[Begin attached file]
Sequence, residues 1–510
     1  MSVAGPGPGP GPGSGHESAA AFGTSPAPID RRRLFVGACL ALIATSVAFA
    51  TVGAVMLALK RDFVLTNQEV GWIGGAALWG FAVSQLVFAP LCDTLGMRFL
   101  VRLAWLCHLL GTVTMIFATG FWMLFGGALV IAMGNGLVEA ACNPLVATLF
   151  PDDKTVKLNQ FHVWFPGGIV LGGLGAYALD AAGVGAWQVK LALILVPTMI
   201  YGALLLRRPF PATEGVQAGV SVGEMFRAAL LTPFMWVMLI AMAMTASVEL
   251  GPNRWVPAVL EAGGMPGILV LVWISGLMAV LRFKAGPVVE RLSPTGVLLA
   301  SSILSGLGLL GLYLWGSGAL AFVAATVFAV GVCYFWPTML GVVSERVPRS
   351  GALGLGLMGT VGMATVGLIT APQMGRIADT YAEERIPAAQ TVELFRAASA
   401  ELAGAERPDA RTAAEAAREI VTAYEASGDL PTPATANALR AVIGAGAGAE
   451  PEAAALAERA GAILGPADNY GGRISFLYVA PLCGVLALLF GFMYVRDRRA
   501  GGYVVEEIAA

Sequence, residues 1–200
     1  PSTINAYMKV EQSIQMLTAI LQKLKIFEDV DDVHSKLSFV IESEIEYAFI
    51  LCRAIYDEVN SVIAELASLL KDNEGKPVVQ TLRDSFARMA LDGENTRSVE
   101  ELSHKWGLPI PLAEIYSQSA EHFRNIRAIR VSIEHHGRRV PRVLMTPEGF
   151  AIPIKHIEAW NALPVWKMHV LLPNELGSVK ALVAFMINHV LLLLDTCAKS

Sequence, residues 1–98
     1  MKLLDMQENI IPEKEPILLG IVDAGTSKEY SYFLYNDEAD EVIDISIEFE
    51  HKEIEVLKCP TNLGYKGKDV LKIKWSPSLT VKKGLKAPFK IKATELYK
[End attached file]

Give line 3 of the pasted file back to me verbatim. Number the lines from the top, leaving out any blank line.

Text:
    51  TVGAVMLALK RDFVLTNQEV GWIGGAALWG FAVSQLVFAP LCDTLGMRFL